LESSON #3: THE MONEY PEOPLE EARN MAKING A MOVIE— Mark me down as a guy who never knew how much the folks you see listed in the end credits of a film got paid.  We hear about the big paychecks of actors and directors, but rarely the “little people.”  Check out this article from TIME magazine. File this under the “You Learn Something Every Day” department.

LESSON #4: IS THE THEATRICAL PRODUCT GETTING SLOPPY?— I recently enjoyed the perspective written up by Sonny Bunch in The Washington Post.  I found the technical details behind projection, sound, and lights to be fascinating.  The more I think about my theatrical experiences every week, the more I see what Bunch is referring to.  Calling it a “scapegoat” to attendance I think is a little too strong, but discerning fans are right to expect and want better from their premium ticket prices.

LESSON #5: GEORGE CLOONEY IS TOO YOUNG TO BE GETTING LIFETIME ACHIEVEMENT AWARDS— The American Film Institute announced that George Clooney will be receiving their 46th Lifetime Achievement Award next June.  Mr. Clooney is only 56-years-old.  I don’t want to turn into Don “TMasterpiece” Shanahan, but George’s career is far from full or even complete.  Let’s put the “lifetime” in lifetime achievement awards.  The guy could work at the top of his game for another quarter-century.  Come back when the guy is 76 instead of 56.  Next thing you know, Jennifer Lawrence is going to win the thing before she turns 30.  Jeez!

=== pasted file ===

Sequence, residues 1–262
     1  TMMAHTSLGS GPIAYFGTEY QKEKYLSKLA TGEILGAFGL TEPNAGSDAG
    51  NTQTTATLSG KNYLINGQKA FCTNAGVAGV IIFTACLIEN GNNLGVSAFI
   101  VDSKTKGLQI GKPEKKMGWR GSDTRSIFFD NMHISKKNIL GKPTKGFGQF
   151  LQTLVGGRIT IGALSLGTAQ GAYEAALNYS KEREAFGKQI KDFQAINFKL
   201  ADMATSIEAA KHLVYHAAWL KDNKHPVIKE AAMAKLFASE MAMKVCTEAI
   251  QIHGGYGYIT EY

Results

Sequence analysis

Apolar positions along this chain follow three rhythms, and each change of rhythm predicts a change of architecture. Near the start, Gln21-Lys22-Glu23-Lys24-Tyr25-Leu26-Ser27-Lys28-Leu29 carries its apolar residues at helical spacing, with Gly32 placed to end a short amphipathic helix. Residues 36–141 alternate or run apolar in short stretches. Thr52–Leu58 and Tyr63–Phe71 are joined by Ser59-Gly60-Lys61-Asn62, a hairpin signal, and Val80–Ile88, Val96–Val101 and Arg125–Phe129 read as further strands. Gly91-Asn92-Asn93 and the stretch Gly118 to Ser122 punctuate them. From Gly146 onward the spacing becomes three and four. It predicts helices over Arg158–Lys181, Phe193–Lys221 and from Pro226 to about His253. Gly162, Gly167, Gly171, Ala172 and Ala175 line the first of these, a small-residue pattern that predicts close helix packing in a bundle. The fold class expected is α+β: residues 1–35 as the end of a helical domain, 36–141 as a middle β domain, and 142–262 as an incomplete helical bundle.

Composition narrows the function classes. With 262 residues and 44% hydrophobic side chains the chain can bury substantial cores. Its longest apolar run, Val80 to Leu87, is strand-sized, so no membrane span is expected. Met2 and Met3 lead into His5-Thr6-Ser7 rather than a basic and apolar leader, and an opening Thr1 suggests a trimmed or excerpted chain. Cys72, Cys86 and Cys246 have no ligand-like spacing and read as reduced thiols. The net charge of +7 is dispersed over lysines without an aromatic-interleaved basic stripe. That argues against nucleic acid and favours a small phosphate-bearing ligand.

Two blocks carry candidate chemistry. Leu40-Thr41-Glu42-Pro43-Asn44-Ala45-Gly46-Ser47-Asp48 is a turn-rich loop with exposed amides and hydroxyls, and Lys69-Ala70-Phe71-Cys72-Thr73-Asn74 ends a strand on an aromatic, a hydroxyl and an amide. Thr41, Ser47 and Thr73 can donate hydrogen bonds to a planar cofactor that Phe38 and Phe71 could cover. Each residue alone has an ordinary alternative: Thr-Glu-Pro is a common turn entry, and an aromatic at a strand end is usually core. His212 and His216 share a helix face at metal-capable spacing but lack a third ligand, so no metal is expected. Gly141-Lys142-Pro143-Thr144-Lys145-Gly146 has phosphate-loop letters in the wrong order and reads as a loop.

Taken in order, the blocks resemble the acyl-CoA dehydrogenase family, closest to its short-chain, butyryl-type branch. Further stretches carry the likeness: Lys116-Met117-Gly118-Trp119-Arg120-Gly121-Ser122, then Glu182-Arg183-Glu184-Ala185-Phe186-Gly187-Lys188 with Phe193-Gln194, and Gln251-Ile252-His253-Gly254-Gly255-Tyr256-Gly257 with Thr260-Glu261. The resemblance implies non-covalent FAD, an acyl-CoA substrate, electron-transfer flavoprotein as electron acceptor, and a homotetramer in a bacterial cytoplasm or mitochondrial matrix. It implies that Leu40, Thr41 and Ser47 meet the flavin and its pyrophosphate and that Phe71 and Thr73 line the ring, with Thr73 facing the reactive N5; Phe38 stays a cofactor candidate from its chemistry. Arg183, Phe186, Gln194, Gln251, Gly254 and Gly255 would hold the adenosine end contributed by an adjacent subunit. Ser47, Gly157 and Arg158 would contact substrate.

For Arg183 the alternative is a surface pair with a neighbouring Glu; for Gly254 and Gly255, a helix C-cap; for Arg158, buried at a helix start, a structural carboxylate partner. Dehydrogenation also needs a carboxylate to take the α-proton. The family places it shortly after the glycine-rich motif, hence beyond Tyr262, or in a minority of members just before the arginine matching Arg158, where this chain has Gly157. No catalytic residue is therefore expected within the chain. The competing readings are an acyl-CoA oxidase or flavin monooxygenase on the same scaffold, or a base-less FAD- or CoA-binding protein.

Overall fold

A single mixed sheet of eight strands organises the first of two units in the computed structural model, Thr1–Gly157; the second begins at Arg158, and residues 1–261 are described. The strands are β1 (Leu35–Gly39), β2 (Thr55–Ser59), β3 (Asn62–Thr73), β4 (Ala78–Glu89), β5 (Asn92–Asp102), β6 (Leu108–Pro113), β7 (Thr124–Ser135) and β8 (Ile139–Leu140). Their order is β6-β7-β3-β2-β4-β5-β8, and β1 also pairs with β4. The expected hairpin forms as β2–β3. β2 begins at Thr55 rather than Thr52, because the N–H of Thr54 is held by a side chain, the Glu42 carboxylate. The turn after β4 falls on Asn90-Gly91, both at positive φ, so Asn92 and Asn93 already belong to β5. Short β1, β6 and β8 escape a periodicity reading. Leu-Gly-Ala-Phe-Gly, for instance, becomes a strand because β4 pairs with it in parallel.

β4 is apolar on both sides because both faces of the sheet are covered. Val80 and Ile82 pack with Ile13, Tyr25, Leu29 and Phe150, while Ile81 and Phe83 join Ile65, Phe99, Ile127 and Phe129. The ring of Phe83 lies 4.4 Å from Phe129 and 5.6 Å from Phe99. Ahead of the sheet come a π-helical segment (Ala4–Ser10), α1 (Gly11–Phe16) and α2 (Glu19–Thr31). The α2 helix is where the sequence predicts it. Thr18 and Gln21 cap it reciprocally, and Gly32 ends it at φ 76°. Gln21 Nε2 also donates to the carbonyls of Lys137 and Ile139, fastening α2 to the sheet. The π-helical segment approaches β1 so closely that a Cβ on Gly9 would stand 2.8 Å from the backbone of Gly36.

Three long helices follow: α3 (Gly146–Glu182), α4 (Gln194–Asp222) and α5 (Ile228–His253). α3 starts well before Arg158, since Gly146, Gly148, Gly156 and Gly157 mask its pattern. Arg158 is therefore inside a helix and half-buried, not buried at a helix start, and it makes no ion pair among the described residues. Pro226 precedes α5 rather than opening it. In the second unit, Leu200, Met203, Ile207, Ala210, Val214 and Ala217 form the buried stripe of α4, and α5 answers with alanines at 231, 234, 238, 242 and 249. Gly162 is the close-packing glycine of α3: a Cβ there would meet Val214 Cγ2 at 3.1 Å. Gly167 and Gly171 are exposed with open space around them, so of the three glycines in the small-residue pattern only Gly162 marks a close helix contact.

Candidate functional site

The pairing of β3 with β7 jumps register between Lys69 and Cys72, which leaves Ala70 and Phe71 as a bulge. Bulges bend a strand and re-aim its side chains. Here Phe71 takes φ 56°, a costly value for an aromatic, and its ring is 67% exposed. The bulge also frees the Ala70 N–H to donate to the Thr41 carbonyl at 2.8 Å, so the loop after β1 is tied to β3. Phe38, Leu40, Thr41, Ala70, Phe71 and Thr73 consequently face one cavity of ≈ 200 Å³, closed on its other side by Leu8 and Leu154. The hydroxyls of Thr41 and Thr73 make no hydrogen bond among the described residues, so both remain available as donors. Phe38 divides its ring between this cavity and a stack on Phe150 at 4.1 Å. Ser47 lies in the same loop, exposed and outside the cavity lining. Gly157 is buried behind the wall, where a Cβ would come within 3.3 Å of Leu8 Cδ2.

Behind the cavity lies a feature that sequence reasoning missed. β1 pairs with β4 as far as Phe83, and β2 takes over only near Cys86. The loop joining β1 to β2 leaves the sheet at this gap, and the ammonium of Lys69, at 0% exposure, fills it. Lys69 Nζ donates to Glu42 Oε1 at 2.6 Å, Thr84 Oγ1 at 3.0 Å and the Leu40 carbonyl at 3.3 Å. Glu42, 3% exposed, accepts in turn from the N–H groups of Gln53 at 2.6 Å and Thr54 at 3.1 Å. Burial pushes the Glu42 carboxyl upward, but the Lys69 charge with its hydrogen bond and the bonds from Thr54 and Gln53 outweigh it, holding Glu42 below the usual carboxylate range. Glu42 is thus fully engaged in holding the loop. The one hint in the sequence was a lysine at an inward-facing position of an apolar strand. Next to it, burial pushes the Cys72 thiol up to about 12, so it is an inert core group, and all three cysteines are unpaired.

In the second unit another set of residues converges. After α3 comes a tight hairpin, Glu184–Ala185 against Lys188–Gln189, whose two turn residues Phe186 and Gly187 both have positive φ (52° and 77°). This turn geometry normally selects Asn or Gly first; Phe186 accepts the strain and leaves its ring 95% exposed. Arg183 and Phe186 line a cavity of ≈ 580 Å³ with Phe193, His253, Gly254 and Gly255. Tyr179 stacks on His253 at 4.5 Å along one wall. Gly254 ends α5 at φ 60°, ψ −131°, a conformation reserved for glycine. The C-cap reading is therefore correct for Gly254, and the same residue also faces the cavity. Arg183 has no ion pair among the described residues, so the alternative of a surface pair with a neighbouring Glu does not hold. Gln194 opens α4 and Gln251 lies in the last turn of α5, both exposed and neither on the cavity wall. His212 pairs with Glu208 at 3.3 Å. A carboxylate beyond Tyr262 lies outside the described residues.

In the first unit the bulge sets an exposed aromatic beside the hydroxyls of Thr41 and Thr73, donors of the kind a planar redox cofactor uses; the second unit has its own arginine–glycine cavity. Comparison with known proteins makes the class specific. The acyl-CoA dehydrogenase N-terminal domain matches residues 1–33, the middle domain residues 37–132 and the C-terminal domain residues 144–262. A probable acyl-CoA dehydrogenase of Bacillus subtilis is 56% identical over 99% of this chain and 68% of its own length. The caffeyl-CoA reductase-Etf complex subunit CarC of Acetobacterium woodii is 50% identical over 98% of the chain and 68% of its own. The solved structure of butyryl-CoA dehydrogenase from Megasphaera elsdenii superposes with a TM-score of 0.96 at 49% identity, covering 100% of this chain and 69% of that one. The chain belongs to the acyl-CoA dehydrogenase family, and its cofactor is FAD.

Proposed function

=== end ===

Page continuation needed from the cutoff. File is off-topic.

DON SHANAHAN is a Chicago-based film critic writing on his website Every Movie Has a Lesson.  He is also one of the founders and the current directors of the Chicago Independent Film Critics Circle.  As an elementary educator by day, Don writes his movie reviews with life lessons in mind, from the serious to the farcical.  As a contributor here on Feelin’ Film, he’s going to expand those lessons to current movie news and trends.  Find “Every Movie Has a Lesson” on Facebook, Twitter, Medium, and Creators Media.